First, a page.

Global travel gives wings to H7N9 bird flu

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Case in point: In 2011, scientists in the Netherlands successfully created a mutant of the H5N1 virus that can pass from human to human through droplets in the air, potentially triggering a pandemic. Their work was highly controversial because of the remote possibility that the new mutant virus could escape or be stolen. Ultimately, the U.S. National Science Advisory Board for Biosecurity censored publication of the scientists’ results. A year-long moratorium was called on further research until the issues could be debated.

To date, the research has not resumed, and the scientists involved are distressed. They say that the emergence of this new H7N9 bird flu is a perfect example of why they should continue to study how viruses can mutate enough to jump from bird to animal and from person to person. Others disagree. Simon Wain-Hobson, chair of the Foundation for Vaccine Research in the U.S., wrote in the scientific journal Nature last week, “The world has never been more densely populated. Is it appropriate for civilian scientists to make microbes more dangerous?”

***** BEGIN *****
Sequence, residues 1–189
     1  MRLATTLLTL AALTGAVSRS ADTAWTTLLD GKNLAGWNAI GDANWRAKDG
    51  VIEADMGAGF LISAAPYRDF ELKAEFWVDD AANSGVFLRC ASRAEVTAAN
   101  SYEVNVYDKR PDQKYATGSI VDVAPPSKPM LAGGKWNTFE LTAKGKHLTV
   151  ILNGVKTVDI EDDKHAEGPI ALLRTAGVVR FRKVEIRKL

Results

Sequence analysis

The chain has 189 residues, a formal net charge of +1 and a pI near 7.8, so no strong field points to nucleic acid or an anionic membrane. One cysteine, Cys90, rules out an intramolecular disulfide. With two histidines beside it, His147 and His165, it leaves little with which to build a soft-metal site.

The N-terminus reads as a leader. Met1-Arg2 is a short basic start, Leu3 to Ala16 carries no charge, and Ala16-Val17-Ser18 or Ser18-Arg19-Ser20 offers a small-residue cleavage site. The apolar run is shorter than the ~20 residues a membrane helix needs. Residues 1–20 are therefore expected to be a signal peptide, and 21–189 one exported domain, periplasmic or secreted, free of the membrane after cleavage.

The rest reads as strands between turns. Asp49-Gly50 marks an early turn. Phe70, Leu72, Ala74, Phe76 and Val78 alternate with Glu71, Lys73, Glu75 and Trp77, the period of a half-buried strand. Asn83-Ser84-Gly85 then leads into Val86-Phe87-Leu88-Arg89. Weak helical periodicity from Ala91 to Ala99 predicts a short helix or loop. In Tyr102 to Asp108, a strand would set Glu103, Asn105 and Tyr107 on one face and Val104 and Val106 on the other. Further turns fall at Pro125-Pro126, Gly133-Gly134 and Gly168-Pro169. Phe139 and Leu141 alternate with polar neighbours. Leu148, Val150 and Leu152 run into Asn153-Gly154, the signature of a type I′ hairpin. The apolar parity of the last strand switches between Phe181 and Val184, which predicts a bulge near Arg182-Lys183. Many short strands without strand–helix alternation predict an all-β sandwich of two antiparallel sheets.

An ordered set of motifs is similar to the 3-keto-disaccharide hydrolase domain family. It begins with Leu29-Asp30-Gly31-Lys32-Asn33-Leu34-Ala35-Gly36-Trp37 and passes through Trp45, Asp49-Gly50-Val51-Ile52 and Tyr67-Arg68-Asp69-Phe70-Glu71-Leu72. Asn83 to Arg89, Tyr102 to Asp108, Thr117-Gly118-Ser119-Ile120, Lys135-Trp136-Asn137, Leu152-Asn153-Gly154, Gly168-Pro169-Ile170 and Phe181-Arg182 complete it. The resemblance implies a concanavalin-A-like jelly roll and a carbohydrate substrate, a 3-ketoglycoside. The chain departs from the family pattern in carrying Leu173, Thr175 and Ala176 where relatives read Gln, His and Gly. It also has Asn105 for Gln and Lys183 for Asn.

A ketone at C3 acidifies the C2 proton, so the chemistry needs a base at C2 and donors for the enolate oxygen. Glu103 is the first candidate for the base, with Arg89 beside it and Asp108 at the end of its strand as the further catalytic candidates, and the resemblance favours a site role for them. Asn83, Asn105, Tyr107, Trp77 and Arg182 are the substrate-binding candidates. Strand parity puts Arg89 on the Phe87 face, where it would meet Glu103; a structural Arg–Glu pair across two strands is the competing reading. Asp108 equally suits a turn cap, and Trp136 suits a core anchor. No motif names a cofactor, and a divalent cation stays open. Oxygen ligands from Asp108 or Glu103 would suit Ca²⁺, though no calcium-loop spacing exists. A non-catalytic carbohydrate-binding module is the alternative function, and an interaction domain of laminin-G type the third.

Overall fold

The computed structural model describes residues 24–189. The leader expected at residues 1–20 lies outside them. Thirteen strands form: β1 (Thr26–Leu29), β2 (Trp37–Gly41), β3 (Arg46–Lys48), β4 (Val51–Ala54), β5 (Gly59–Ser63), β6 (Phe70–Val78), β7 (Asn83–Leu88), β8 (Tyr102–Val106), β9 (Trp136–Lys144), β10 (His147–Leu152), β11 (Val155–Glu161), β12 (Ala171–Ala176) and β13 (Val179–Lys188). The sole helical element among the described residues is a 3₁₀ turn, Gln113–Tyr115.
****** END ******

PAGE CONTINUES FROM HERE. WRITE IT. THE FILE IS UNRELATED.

Ab Osterhaus is a leading influenza researcher and the head of viroscience at the Erasmus Medical Center in the Netherlands. It was his team that successfully mutated the H5N1 into a contagious pathogen. Of the new H7N9 virus, he said he has looked at the genetic sequencing data from samples out of China and finds some “worrisome” mutations that have already occurred in the strain. He said that the greatest risk to the public is not knowing how a new virus can spread, and the only way to know is to experiment.

“This virus might be on the brink of gaining function of transmissibility in humans,” Osterhaus said in a Reuters story reported on NBC News. “I think it’s crucial to know the rules of the game.”

In 2006, the world was preparing for an epidemic of H5N1 that never materialized. Still the disease killed some 60 percent of those who contracted it.
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